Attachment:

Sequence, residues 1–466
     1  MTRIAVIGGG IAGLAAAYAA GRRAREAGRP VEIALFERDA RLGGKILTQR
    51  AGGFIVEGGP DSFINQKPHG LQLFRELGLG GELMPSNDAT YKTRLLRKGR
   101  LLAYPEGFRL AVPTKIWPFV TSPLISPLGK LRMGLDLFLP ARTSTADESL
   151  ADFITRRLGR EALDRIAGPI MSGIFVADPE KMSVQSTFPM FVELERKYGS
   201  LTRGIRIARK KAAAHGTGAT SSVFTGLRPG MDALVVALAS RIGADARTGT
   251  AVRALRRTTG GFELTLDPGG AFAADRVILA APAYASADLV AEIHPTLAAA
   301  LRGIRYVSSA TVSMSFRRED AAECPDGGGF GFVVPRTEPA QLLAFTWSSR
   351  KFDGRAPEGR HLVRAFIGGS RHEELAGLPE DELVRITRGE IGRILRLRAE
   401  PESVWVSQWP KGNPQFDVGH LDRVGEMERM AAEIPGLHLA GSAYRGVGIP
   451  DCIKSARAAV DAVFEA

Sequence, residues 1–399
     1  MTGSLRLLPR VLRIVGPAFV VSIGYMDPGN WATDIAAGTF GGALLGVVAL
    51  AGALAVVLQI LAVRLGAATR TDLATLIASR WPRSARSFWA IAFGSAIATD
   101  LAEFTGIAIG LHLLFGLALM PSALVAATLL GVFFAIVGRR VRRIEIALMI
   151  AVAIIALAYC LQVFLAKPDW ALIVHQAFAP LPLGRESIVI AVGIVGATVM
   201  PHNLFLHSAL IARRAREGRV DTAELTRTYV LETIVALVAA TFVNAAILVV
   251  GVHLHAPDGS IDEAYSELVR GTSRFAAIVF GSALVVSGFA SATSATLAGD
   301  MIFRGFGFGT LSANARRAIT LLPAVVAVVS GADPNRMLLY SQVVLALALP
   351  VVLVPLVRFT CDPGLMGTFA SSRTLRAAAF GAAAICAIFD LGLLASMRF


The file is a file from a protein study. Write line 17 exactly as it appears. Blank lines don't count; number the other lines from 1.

   201  PHNLFLHSAL IARRAREGRV DTAELTRTYV LETIVALVAA TFVNAAILVV